Wickford Station Masters (1888-1952)
The first station master at Wickford was Thomas Lucking who lived at the station house with his wife Louisa Elizabeth (White) and children. He was born at Magdalen Laver, east of Harlow, and was the son (and grandson) of a farmer. Thomas retired from his position of station master in 1896 when he moved to Blackmore, taking over the Leather Bottle Inn. His wife’s father was also a licensed victualler.
Lucking was succeeded by Frederick John Stowe who began his railway occupation in 1880 as a clerk at Braintree. Stowe lived in the High Street at Wickford with his wife Caroline Emily (Chalk) and children. In 1902 his eldest daughter was knocked down by a horse and trap. She suffered a fractured thigh and was cared for by Wickford’s resident doctor, John Marshall (1848-1919). In 1904 Stowe had an accident himself. He was standing by the goods yard on the north west side of the station, next to the wagon of Mr Holliday from West Hanningfield. The horses attached to the wagon became startled at the sound of a train and Stowe was knocked to the ground with one of the wheels of the wagon running over his chest. Fortunately, under the care of Dr Marshall, Stowe recovered and he was later appointed station master at the Suffolk town of Mellis, which is situated close to the Norfolk town of Diss.
Wickford’s next station master was Henry Frederick Barker who was appointed in 1905. He was previously at the Norfolk village of Burnham Market which is no longer served by a railway. In 1907 Barker was transferred to Broxbourne in Hertfordshire. His replacement was Thomas Frederick Meehan who began his career in Norfolk, at Beccles. He was at Haughley in the same county before coming to Wickford, and at the end of 1910 he was appointed to Fakenham where he stayed for nine months. Meehan then returned to Essex when he was appointed station master at Shenfield. After eight years at Shenfield he was promoted to Peterborough, which was regarded as one of the most important railway stations on the Great Eastern Railway network, second only to Liverpool Street.
Meehan was to be replaced at Wickford by Henry Ernest Smith who, at the time, was the station master at Ongar. However, for some reason, Smith does not appear to have come to Wickford for he took up the station master’s position at Loughton. The Wickford position was taken up by James Bertie Masters. Shortly after his arrival the station master’s house was struck by lightning (July 1911), breaking the chimney and scattering roof tiles on to the platform. James’ son, Frank Sydney Masters, accidentally drowned at Newham Baths, Bedford, in 1912, just before his 18th birthday. Frank was interred at Runwell where he was a member of the church choir. In 1918 James Masters was appointed to Seven Sisters and Stamford Hill.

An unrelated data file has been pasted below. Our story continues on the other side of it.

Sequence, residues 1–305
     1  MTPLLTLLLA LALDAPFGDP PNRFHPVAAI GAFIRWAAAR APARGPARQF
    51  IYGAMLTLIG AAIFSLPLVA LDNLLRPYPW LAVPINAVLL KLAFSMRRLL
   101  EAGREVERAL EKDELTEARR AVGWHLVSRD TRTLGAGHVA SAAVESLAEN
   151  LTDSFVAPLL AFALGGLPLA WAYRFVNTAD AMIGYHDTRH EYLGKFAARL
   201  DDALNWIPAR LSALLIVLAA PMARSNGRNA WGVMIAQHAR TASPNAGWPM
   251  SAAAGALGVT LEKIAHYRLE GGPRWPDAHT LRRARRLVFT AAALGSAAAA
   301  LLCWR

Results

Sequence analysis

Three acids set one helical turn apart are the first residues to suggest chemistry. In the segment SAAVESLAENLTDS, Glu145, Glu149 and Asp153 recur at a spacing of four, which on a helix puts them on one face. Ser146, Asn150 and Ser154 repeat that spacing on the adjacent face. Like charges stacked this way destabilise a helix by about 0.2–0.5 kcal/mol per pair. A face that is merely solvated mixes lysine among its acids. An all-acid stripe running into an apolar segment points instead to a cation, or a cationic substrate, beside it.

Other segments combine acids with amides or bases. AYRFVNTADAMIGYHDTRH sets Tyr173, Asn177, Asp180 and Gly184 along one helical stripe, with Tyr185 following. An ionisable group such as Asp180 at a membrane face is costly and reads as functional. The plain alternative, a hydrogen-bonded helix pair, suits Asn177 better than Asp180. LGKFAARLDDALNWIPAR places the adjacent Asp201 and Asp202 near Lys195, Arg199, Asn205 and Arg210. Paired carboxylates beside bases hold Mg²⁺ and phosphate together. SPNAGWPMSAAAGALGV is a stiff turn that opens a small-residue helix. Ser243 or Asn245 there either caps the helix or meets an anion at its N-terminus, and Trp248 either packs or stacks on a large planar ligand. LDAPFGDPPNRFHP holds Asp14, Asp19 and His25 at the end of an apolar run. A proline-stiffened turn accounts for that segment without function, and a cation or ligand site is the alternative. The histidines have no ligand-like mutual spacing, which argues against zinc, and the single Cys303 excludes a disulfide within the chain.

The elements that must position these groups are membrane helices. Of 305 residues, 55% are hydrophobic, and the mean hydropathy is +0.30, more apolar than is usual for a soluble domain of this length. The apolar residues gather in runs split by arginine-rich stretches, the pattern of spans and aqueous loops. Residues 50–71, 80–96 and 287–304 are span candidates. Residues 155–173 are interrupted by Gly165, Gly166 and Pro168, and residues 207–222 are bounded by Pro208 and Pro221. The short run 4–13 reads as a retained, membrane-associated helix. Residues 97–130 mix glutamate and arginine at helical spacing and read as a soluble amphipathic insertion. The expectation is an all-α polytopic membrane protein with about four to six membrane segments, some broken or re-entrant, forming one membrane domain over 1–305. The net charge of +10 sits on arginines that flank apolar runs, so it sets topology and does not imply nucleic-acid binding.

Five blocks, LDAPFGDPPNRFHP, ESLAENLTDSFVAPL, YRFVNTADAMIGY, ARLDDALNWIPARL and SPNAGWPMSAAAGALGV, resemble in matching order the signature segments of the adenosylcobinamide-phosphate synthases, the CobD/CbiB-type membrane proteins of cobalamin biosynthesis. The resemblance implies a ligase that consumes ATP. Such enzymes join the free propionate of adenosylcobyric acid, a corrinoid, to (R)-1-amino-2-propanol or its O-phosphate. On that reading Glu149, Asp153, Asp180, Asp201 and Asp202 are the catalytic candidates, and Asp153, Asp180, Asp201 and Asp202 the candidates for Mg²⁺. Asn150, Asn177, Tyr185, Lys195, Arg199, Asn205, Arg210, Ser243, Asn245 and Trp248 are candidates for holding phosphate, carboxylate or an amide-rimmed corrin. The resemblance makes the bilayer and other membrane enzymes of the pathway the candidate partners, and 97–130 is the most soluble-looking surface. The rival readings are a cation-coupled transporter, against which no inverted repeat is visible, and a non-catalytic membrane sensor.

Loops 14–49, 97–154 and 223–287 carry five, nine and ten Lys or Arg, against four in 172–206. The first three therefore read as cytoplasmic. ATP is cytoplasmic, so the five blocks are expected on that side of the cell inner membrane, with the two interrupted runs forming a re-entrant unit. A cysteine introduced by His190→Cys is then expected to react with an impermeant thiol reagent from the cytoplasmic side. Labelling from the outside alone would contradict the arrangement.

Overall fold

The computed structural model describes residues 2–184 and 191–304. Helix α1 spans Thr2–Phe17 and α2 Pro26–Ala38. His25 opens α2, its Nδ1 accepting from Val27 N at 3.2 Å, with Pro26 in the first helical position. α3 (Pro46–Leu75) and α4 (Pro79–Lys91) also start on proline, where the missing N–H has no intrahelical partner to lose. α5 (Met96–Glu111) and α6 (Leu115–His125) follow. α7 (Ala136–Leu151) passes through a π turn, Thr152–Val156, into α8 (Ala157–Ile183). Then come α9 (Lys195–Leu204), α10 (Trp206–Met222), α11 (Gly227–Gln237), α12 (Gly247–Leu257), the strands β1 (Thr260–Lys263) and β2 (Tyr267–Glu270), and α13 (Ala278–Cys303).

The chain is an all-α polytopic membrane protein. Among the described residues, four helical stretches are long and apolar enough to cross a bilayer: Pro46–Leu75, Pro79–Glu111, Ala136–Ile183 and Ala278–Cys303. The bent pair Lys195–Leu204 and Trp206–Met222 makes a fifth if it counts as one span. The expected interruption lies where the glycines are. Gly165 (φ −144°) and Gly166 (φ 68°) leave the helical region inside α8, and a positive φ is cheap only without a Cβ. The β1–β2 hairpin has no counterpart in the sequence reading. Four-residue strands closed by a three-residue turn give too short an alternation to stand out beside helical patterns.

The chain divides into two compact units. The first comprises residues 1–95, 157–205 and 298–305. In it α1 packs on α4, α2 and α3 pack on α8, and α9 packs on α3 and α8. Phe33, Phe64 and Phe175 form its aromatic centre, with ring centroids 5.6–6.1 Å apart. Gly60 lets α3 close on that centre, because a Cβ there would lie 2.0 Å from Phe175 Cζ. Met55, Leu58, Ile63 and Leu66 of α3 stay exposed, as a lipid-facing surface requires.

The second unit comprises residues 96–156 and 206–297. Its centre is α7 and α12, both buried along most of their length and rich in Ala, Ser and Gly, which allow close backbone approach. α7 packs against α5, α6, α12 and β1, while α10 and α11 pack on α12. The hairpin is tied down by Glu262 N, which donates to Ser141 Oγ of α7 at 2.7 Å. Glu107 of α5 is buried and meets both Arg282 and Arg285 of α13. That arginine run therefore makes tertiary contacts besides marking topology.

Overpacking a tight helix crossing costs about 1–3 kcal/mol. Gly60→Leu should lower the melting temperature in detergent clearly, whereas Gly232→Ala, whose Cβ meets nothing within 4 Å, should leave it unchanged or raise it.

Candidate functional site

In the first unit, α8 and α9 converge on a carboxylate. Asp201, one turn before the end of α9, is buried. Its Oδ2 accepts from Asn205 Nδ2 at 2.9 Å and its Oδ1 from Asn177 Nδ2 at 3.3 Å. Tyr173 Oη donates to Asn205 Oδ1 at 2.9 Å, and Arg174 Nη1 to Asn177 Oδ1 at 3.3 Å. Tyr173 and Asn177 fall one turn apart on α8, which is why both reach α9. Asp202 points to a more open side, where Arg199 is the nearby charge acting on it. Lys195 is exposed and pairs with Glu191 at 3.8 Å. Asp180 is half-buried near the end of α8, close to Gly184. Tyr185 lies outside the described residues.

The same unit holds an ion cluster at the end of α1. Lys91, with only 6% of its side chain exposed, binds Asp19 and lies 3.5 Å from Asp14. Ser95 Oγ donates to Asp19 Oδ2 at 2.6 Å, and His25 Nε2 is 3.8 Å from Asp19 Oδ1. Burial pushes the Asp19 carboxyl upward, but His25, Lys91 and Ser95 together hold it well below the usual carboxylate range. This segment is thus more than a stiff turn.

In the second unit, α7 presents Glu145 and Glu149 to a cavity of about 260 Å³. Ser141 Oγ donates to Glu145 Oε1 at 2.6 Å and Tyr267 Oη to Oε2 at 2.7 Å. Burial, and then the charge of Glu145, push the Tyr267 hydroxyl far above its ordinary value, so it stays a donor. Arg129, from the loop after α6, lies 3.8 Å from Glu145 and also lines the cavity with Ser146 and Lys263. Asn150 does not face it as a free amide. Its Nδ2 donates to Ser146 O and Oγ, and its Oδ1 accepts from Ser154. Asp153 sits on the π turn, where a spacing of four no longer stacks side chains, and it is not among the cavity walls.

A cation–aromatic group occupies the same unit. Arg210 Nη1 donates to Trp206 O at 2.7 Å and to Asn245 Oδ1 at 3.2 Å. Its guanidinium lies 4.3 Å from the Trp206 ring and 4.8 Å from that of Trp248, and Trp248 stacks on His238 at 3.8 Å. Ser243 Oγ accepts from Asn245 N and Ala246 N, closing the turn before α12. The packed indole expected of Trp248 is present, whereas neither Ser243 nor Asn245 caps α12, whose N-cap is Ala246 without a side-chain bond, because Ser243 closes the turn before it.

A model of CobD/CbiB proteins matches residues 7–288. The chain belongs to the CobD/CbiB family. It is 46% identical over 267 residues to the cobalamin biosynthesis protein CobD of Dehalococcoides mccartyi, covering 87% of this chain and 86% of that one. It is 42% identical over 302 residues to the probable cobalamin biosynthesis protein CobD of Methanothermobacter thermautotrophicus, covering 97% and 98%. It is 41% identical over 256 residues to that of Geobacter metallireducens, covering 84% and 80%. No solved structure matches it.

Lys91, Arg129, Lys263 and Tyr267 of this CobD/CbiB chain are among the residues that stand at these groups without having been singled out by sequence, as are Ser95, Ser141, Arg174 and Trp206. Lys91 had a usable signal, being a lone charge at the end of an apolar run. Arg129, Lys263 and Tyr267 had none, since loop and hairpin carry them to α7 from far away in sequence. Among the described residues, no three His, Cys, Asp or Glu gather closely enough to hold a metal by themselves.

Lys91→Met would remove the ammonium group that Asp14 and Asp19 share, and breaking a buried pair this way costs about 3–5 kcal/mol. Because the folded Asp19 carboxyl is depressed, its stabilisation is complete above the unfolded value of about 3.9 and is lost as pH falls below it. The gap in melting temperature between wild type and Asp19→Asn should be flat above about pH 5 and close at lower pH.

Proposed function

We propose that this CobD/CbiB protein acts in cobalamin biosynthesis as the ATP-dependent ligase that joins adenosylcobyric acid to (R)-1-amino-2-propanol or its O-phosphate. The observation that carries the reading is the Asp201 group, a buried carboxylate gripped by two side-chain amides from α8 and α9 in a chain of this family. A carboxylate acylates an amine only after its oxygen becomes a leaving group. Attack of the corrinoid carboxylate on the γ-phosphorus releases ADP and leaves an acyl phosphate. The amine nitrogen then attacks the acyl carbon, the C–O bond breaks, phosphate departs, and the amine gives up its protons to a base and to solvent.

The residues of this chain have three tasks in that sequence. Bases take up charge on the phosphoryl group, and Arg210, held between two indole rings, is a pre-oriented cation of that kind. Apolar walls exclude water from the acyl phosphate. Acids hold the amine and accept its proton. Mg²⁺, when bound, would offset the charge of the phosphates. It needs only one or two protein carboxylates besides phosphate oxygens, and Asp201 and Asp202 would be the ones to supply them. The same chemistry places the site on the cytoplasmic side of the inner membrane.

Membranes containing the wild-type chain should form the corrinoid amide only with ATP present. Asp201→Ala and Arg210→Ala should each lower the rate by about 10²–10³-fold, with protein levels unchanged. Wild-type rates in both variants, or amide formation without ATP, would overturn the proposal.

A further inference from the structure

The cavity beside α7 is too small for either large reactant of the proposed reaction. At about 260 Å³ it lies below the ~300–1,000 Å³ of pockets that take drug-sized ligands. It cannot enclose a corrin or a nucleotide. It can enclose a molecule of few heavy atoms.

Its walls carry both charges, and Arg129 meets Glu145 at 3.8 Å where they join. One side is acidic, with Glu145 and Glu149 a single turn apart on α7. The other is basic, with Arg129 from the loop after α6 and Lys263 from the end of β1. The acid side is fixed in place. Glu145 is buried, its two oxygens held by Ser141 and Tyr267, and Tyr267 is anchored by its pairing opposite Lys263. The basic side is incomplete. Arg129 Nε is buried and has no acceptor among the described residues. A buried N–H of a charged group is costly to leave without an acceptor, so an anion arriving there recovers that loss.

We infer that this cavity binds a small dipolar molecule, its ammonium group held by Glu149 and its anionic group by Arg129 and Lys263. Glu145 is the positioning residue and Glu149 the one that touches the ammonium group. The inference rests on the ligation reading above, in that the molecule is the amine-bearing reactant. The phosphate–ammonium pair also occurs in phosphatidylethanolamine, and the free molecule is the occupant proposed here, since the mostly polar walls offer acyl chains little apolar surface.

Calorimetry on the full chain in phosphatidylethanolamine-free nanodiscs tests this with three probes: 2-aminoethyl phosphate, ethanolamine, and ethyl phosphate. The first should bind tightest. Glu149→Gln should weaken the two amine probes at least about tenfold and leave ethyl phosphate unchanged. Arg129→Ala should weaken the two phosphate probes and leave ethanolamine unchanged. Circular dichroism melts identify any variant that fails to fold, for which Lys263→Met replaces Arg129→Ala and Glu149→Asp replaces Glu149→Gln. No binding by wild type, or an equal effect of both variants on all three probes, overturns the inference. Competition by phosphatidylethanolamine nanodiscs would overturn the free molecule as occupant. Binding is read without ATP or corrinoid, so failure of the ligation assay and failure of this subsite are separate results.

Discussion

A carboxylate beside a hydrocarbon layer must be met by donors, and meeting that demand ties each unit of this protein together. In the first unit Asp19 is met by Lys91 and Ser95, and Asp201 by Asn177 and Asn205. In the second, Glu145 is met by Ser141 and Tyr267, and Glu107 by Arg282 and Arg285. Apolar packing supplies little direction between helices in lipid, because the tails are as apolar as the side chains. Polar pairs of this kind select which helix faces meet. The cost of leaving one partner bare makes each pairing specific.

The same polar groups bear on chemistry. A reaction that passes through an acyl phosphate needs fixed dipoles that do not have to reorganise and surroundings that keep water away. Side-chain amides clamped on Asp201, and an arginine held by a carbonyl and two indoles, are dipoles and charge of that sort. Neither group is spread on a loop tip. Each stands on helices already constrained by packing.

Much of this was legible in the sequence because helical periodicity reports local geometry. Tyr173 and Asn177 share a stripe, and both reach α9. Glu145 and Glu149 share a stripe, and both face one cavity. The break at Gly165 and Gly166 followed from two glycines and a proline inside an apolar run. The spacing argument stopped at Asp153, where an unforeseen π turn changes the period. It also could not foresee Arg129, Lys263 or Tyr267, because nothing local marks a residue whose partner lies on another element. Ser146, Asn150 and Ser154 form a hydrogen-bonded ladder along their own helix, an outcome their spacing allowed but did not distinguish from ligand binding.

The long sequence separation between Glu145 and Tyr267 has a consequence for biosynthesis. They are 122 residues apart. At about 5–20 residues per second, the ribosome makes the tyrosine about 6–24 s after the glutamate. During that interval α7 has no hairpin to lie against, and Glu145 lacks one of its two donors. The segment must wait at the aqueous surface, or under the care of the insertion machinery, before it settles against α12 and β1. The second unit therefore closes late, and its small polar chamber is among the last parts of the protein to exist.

He was replaced by Herbert George Wooltorton, who was a Freemason, and later served as station master at Bury St Edmunds. There is a picture of him in the Bury Free Press (July 1939) taken just before his retirement. It is not clear who was Wooltorton’s immediate replacement at Wickford. Walter Allen Scott, who worked as a booking clerk at age 15 in his birth town of Wortham, Suffolk, was the station master at Wickford in 1929 and another Walter, Walter John Ablitt, the son of John Ablitt, a station master, was the station master at Wickford in 1937. Ablitt was removed from Wickford and appointed station master at Clacton in 1939, by which time Scott had retired to Bury St Edmunds. Ablitt, at the time of his death, was living in Shoeburyness.
When Ablitt left Wickford he was replaced by Timothy Charles Foster of Hatfield Peveral. Foster had an interesting career. He was a corporal in the railway division of the 5th Suffolk Regiment, Royal Engineers, serving in the Middle East and is said to have taken the first train into Jerusalem, a station of which he was later station master. He was also a station master at several places in Palestine. Although he was appointed to Wickford he appears on the 1939 Register at the station master’s house in Billericay. His stay was a short one. Foster was promoted to Harwich and Dovercourt in 1940 and he was replaced at Wickford by Edward Petley. Edward was the son of Samuel Read Petley of Epping, but originally from Latchingdon. Samuel was a fireman on one of the royal trains which pulled the carriages in which Queen Victoria was a passenger. He was later the driver of locomotives on the Great Western Railway which included the 4-6-0 “Kings” class trains King Edward VII and King George V. Sometime after leaving Wickford, Edward Petley was appointed station master at Hackney Downs. Sadly he was killed at Hackney Downs in 1952, age 63, when he was walking from the signal box to the station.
For more photographs relating to Wickford Railway Station click here.